DeVinney knows all too well how tough it can be playing baseball as a young girl. She says she gets a fair shake on her current team, coached by her dad, but remembers the first team she played on, when she always batted last and got stuck in right field, even though she was far from the worst player on the team.
Others at the tournament talked about similarly disappointing experiences. A 10-year-old from Los Angeles — who once told her first-grade teacher she wanted to be the next Jackie Robinson — gets batted last in her Little League lineup, no matter how much she improves or how many boys she outplays. A mother from San Francisco finds the coaches in her daughter’s league tend to care more about getting their sons to all-star games than creating a good experience for all the kids.
For some girls, the path has been a little easier. Two of the tournament’s top players, the Carolina Terminators’ Taylor Bowen and the New Mexico Fusion’s Kendra Levesque, follow in the footsteps of older brothers.
Bowen, whose fastball tops out at about 68 mph, is not only the first girl to play on the Grifton Middle School baseball team in Grifton, North Carolina, but also the MVP last season, as a seventh grader. She hasn’t had any trouble fitting in in middle school, but she is not yet sure how welcoming people at the high school will be, though her brother earned all-county honors there.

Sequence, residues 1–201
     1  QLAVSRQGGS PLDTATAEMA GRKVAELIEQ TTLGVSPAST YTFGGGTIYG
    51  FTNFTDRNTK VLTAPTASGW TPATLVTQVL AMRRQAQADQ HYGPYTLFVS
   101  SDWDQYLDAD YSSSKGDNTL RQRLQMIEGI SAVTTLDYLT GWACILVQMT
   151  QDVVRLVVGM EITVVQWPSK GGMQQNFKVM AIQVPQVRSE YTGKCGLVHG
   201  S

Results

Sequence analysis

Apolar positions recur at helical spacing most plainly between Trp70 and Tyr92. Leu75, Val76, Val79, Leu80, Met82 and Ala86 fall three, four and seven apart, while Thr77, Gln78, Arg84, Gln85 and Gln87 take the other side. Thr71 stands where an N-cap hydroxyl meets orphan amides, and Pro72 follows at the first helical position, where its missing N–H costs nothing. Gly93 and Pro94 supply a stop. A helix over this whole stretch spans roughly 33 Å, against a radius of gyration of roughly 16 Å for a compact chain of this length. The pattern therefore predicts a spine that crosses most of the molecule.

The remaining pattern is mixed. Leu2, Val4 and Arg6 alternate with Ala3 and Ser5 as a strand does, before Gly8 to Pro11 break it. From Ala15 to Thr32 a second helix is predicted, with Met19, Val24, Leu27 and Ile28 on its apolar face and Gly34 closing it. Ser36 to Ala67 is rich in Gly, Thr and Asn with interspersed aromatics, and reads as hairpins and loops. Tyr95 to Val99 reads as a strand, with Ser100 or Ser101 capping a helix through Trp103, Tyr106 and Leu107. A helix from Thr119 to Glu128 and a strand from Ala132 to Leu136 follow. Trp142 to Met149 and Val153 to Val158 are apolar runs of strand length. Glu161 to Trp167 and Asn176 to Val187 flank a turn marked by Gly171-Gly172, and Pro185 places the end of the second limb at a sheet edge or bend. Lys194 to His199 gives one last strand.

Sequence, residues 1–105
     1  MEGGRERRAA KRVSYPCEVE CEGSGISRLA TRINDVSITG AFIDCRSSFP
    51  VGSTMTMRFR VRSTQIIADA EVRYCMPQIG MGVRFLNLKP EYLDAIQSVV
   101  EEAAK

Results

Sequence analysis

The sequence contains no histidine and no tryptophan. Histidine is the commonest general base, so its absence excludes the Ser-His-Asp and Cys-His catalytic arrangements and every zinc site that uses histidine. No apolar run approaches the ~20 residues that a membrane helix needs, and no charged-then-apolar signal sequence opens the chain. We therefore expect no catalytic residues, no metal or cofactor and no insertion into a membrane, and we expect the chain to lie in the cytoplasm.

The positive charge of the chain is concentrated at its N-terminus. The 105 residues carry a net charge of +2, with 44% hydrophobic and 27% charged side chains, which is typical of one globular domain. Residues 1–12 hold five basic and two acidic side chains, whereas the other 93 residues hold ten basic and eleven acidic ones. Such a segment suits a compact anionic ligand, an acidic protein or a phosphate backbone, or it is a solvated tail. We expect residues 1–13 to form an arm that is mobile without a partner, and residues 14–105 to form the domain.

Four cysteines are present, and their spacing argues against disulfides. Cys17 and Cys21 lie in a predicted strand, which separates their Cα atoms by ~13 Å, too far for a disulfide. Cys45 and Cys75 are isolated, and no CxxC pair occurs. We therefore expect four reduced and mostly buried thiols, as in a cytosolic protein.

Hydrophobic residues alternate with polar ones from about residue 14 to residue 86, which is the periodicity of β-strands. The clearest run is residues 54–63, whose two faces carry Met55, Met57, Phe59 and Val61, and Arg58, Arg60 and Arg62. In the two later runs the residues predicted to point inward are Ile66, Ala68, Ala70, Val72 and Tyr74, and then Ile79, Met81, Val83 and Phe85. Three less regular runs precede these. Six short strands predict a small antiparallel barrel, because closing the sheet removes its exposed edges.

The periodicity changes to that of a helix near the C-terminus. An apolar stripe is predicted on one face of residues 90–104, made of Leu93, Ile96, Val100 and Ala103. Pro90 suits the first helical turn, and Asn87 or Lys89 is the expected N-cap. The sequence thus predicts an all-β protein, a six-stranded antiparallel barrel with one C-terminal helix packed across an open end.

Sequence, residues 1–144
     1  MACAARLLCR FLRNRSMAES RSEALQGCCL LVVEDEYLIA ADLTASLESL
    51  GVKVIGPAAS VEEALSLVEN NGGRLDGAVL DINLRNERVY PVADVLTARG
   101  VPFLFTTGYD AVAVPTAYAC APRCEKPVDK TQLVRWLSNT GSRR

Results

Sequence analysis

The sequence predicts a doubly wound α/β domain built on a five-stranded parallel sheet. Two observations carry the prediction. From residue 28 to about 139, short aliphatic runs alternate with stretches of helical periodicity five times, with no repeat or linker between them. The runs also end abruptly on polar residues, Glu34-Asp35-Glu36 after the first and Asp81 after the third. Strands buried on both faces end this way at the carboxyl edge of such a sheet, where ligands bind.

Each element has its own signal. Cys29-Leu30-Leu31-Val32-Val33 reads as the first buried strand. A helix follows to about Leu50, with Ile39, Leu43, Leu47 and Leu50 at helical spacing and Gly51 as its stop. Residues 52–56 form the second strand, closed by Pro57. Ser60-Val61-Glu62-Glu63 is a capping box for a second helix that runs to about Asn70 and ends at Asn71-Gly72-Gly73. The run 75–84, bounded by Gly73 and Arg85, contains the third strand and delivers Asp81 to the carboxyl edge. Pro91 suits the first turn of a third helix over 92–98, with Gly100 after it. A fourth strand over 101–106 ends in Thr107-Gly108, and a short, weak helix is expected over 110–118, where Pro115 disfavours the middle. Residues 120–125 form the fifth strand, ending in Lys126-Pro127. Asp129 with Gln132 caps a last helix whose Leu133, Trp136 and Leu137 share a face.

Bowen likes striking out the boys — “It’s great when they go back and slam their helmet and cry,” she giggled — but she loved the chance to play alongside other girls, including Levesque, who was her teammate on Baseball For All’s Sparks team last year in Cooperstown.
Taylor Bowen pitches to Kendra Levesque at the Baseball For All girls tournament.
Levesque, who sports a long, thick braid and boasts a smile as big as her swing, won the Home Run Derby at the Cooperstown event by beating 104 boys. She’s also got an arm and hits nearly 70 on the gun. Levesque first played baseball at the age of 4, when her older brother needed her to fill in on his shorthanded team.